The Underground Railroad to Mexico
Slavery of Africans is a uniquely American story in many ways and without exception; there are intriguing tales of escape to accompany this tragic stretch of history. Mexico, now a place known for sunny vacations, was a desired safe harbor for many slaves escaping from far reaches of the United States. Texas was still a part of Mexico when the Mexican government abolished slavery in 1829. Once the Republic of Texas was formed in 1836, separate from Mexico, slavery was made legal again, which stayed consistent beyond the time Texas joined the Union in 1945.
Canada was the destination for many slaves who struck out for chilly northern parts, often thwarted, sent back in miserable conditions, or to save time and money, executed by lynching or other means. Those were destinies facing slaves who attempted escape to the south, as well, but there was very safe refuge in Mexico. There is strong evidence of tejanos (Mexicans in Texas) being the conductors of this southern route of the Underground Railroad. Many historical accounts have been recorded of brave people who were of great assistance to escapees.
Matilda Hicks, herself a former slave, married Nathaniel Jackson, the son of the owner of the plantation of which Matilda was kept. As a family, Matilda and Nathaniel were known to have moved from Alabama and settled near the Rio Grande in Texas, where they helped people cross the border. There’s also evidence of a black woman and two white men who worked diligently to find homes for these southern bound refugees. A famous slave of Sam Houston, who was at the time president of the Republic of Texas, escaped to Mexico and joined the Mexican military to fight against Houston. Tom, as this slave was known, was one of the few escaped slaves where records exist of his journey, whereas few accounts were ever written down. Due to the high risk of being caught, sent back, or killed, secrecy was the order of the times. Studies verify support of slaves coming to Mexico not only from Texas, but also North Carolina, Mississippi, Louisiana, Alabama.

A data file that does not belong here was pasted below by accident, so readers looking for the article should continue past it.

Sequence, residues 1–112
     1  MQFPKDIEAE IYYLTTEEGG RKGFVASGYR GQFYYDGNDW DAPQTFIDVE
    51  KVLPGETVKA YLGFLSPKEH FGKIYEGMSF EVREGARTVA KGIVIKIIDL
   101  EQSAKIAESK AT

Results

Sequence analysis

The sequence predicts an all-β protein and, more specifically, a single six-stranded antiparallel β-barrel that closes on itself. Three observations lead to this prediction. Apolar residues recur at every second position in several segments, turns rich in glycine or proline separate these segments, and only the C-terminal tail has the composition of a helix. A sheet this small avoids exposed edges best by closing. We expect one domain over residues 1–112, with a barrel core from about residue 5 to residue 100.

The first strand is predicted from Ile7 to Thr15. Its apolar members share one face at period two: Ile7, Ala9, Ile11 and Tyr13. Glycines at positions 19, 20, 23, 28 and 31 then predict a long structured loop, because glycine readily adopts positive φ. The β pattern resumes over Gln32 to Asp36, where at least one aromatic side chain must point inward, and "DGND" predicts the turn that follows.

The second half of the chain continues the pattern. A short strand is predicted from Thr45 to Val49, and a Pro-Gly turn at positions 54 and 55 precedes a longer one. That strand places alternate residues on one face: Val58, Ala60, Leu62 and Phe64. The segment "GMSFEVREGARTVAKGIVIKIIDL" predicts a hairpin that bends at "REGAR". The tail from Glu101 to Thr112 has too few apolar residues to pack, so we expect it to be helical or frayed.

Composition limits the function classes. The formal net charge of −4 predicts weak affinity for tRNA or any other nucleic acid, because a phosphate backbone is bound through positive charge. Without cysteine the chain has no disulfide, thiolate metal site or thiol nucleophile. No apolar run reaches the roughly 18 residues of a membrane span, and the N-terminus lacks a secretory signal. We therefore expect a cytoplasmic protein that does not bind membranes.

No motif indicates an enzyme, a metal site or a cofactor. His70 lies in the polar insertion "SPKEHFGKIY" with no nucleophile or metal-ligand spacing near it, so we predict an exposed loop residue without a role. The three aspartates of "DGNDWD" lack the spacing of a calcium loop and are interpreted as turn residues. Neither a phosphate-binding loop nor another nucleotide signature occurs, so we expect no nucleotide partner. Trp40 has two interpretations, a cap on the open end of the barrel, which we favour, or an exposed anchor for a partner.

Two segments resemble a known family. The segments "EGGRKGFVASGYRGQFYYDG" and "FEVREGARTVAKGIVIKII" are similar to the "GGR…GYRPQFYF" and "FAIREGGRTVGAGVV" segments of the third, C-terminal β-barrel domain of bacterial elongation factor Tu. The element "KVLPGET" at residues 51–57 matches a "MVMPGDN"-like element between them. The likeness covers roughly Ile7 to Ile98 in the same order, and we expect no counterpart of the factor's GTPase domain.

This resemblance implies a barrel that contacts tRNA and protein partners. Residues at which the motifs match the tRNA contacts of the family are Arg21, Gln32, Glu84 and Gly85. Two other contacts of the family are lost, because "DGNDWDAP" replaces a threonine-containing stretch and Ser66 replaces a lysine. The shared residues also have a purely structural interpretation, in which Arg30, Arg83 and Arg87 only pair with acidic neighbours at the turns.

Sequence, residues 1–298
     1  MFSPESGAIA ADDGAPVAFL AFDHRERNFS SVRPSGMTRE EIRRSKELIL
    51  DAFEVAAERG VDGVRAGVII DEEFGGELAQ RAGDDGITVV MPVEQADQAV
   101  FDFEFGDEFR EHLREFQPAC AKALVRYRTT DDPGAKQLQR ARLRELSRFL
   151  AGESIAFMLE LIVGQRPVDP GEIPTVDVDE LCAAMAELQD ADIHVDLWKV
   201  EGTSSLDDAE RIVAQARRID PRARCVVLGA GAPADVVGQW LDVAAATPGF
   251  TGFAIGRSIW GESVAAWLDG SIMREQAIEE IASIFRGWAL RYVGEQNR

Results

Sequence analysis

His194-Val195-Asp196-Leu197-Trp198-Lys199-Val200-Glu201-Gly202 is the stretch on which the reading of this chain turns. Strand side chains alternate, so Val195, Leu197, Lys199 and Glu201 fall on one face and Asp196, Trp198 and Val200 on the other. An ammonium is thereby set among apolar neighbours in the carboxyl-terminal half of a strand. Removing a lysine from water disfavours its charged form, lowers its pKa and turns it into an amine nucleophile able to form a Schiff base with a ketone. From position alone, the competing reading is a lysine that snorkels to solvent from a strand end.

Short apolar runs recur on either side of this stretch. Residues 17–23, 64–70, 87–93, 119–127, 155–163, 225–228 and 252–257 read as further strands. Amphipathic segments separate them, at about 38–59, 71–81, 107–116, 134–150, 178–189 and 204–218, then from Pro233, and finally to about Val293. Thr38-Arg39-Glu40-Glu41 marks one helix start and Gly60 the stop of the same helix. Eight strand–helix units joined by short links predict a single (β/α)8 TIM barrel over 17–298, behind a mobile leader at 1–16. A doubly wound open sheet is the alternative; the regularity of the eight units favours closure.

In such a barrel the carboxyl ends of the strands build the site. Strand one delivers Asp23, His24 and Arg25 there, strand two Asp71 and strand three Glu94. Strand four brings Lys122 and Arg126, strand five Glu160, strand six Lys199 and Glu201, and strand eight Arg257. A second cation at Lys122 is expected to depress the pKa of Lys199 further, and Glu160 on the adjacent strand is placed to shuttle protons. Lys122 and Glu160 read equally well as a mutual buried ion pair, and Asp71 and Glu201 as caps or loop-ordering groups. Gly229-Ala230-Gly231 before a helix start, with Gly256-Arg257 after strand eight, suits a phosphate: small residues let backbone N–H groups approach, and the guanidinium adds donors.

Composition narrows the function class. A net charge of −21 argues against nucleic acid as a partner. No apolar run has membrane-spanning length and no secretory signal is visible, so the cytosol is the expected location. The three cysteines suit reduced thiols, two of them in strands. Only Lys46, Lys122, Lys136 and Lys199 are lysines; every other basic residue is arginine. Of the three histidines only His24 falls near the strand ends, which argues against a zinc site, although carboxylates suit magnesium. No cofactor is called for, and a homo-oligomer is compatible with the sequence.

It’s clear that anywhere from 5,000 to 10,000 people were freed from bondage by taking the route to Mexico; due to the lack of written statistics, the true figure is likely much higher. It is certainly an indication how censuses can result in incorrect statistics.
When the Fugitive Slave Act of 1950 was enacted to return slaves from northern states to their owners, the U.S. wanted Mexico to sign a similar treaty. Mexico, with their insistence that enslaved people were free once they crossed the border, refused to agree or sign any such document.